secede

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Community publications suggest that the majority of members lived happy, peaceful lives in harmony with Perfectionist doctrines unless beset by seceders or Satan himself.
Although most seceders abandoned the Community without incident, several former members leveled against the Community charges of discrimination, in transparent attempts to ruin its reputation.
Old Light Seceders scoffed at such pulpit antics for promoting works righteousness and denying the doctrines of grace (142).
43) Of the minority of Presbyterian clergymen who made the transition from constitutional agitation to armed rebellion, the orthodox and latitudinarian parties were present in roughly even numbers, with the Seceders once more isolated in their vocal loyalism.
In 1752, the grand jury of Donegal reported that there were already several thousand Seceders in the north whose clergy denounced as sinful the oaths of allegiance and abjuration, the Anglo-Scottish union and the sacramental test, as well as the supertitious worship of the Church of England.
On March 21, Leon's followers and most of the 1832 seceders legally united as the New Philadelphia Society.
Leon would] send for a company of soldiers from Pittsburgh and get also Hill's company and some other country people, and those should encamp in a field, near Economy and he would go out and disclose to them his plan, that they should keep peace untill the seceders could take possession of all the papers and I [Proli] will be the first man, to take a sword and you must follow me, but you must stand firm like men.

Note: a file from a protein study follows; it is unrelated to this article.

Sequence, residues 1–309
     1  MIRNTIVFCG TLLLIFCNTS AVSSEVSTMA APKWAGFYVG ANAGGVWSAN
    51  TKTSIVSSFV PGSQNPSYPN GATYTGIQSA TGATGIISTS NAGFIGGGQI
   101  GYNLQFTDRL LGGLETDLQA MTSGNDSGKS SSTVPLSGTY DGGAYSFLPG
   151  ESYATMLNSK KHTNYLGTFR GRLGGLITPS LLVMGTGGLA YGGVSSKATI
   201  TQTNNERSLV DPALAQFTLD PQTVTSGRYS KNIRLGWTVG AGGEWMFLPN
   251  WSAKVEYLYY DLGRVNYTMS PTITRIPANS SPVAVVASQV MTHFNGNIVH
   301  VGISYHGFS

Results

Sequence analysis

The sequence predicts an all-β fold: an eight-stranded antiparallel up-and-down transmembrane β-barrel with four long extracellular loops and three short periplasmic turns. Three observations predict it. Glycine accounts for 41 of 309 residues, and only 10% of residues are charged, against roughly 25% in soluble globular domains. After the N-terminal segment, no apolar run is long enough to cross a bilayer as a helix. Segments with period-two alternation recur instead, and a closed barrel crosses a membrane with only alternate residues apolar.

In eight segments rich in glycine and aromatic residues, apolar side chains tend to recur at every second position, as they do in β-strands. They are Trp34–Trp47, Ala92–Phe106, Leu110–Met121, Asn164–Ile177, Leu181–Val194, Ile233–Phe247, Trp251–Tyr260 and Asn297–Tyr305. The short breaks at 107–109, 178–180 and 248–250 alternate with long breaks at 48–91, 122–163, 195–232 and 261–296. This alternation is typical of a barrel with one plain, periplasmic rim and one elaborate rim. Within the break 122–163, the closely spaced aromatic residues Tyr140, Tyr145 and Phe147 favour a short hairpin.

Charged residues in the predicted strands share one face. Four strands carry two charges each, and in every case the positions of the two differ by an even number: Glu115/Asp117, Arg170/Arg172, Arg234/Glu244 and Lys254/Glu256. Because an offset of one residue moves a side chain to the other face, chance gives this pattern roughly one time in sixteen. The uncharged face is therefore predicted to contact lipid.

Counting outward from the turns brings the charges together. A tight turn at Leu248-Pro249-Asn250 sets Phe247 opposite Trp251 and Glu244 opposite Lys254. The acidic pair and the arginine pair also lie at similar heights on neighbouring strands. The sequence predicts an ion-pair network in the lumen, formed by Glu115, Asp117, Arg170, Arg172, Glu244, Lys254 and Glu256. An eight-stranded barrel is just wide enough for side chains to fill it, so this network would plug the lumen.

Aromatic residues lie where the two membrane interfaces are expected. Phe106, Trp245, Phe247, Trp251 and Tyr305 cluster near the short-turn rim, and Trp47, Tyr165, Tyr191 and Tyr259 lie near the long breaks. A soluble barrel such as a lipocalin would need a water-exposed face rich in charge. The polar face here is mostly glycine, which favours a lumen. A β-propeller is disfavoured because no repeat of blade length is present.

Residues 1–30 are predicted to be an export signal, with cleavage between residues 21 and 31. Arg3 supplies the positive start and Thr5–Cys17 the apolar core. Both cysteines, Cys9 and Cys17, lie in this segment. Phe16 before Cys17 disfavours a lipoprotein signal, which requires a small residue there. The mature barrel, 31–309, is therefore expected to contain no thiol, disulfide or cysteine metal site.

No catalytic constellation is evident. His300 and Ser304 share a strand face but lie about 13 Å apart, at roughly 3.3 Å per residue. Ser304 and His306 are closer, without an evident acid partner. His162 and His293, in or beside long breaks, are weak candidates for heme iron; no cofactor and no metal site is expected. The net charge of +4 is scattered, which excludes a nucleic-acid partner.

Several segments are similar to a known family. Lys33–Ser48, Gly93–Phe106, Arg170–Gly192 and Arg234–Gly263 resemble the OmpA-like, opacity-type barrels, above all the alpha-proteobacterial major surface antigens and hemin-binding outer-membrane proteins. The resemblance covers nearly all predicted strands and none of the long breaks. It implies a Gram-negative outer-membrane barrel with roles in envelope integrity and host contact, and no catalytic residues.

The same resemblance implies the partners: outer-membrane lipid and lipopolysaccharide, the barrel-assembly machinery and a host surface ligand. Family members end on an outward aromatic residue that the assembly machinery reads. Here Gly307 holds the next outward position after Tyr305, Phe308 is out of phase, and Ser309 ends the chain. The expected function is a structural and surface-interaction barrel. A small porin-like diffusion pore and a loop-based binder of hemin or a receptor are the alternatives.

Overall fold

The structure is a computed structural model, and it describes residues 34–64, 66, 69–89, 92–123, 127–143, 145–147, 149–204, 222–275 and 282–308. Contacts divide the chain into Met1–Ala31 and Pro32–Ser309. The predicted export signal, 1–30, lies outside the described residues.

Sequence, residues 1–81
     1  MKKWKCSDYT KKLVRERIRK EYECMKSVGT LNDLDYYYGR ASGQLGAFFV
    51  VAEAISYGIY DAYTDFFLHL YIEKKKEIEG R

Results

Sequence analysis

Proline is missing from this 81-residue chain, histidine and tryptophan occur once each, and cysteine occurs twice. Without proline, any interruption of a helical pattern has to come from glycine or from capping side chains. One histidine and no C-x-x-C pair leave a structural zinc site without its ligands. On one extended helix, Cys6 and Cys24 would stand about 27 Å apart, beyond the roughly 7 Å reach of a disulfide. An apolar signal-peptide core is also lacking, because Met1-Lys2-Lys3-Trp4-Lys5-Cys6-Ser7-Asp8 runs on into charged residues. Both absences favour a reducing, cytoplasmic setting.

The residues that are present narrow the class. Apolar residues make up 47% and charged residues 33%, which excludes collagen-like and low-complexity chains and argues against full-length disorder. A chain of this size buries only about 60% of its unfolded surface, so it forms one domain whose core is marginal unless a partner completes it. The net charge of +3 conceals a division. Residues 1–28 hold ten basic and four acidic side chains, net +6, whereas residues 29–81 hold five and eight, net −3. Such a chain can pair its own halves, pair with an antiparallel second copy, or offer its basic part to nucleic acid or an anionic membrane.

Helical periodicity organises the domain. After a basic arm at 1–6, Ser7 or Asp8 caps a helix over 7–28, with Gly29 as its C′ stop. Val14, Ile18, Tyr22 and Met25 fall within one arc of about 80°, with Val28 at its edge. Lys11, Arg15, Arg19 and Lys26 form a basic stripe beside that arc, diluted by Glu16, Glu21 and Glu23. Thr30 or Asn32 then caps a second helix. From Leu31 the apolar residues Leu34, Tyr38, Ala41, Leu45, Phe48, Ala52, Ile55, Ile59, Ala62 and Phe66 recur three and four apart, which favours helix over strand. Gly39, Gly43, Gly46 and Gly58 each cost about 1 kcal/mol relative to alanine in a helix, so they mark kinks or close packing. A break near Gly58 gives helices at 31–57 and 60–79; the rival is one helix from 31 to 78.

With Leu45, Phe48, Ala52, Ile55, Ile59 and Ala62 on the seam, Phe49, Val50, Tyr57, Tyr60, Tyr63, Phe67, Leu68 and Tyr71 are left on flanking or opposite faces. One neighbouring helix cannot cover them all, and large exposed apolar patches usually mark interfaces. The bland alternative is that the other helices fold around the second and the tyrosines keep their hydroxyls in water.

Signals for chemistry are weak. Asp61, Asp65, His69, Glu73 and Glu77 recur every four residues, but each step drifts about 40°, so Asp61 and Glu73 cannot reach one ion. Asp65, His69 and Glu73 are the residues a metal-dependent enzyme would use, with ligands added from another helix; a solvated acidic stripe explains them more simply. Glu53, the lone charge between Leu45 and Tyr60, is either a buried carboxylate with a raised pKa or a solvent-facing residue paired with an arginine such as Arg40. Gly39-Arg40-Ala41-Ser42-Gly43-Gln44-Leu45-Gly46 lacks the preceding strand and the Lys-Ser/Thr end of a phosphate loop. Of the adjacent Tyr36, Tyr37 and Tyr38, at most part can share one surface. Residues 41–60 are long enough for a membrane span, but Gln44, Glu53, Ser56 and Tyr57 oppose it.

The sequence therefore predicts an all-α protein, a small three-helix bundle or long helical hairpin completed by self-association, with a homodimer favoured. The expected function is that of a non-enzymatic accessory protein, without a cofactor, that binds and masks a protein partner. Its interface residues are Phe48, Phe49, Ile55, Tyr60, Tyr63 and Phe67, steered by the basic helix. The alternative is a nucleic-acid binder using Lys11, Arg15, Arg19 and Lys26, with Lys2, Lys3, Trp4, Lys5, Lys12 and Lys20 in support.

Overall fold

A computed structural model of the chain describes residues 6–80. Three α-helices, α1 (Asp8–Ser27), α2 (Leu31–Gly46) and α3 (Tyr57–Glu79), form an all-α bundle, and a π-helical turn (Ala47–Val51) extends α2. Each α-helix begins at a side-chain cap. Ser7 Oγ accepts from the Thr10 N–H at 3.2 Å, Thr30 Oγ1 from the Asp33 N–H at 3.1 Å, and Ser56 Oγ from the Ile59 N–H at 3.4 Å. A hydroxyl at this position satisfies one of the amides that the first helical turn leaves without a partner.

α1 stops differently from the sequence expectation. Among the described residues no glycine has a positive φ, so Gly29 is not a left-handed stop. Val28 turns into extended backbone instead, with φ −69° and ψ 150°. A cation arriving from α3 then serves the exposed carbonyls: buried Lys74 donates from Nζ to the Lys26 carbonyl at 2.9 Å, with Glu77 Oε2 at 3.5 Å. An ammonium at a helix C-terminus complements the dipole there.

In Scotland, the Seceders of the eighteenth century (the first Secession took place in 1733) considered themselves the true heirs to the Covenanting tradition; accordingly, they held the preaching of the Word in extravagantly high regard.
That Carlyle's family was typical of Seceders in this respect is evident.
The list also includes the "irregular" clergy, lay seceders, and even Tractarian seceders from the Church of England in this period, confirming that it was a period of disruption in the Church.
By then, the Free Church had negotiated unions with the Seceders (1852), the Reformed Presbyterians (1876), and the United Presbyterians (1900), and had survived a schism by the Free Presbyterian Church (1893) and the loss of a smaller group of dissidents, often referred to as the Wee Frees, who balked at the 1900 merger.
When they renounced the authority of the established church, the seceders often accused it of tolerating or even encouraging infidelity toward the Westminster Confession of Faith.